Sound Experience Tests

When we first sat down to test with our copy of Doom 3, we didn't go with anything fancy. We had a 3 speaker (left, right, sub) setup and just jumped right in. The sound effects, voice acting, and overall impact of the audio was intense, even with our simple setup. Unfortunately, the issues discussed previously were very apparent only a little way into the game. When unable to see, feel, or hear exactly where enemies are coming from, death tends to reach out with its cold embrace rather quickly.

Our hope, after this initial experience with audio, was that hooking up a 5.1 system and enabling surround in the game would allow us to hear where danger was coming from, turn towards it and unload without having to think about it. In our opinion, no matter how visually stunning, the dark and shadowy visual environment was too restrictive and frustrating to play in without some other method of sensing danger.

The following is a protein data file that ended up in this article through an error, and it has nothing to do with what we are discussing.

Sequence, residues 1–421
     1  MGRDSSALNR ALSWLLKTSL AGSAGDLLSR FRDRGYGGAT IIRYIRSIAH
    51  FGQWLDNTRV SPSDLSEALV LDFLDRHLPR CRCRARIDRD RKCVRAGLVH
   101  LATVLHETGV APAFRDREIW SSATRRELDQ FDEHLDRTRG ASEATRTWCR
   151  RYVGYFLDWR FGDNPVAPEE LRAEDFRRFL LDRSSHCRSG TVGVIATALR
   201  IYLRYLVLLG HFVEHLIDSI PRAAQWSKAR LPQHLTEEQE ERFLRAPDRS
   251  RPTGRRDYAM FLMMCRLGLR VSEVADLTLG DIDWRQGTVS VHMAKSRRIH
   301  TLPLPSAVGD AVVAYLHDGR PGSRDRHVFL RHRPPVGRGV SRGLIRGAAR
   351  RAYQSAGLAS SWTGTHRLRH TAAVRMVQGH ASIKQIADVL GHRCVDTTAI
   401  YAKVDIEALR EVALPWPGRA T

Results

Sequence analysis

The first surround setup we tried was comprised of the Realtek AC'97 audio solution attached to our MSI K8T Neo2 board. The onboard 5.1 hardware was paired with Logitech Z5300 speakers (purchased for this test at $199 from our local retailer). We also tested a Creative Labs Sound Blaster Audigy 2 with our Logitech speakers in order to determine if there were any perceivable advantages to onboard or discrete audio when paired with Doom 3. After we tested our 5.1 system we hooked up a much cheaper generic 4 channel system just to see if the center channel and sub had a real impact on gaming.

We will compare our surround systems to our standard stereo setup. The computer system we used in this test is the same one we used for our Doom 3 Graphics article earlier this week, equipped with the NVIDIA GeForce 6800 Ultra and 2GB of RAM.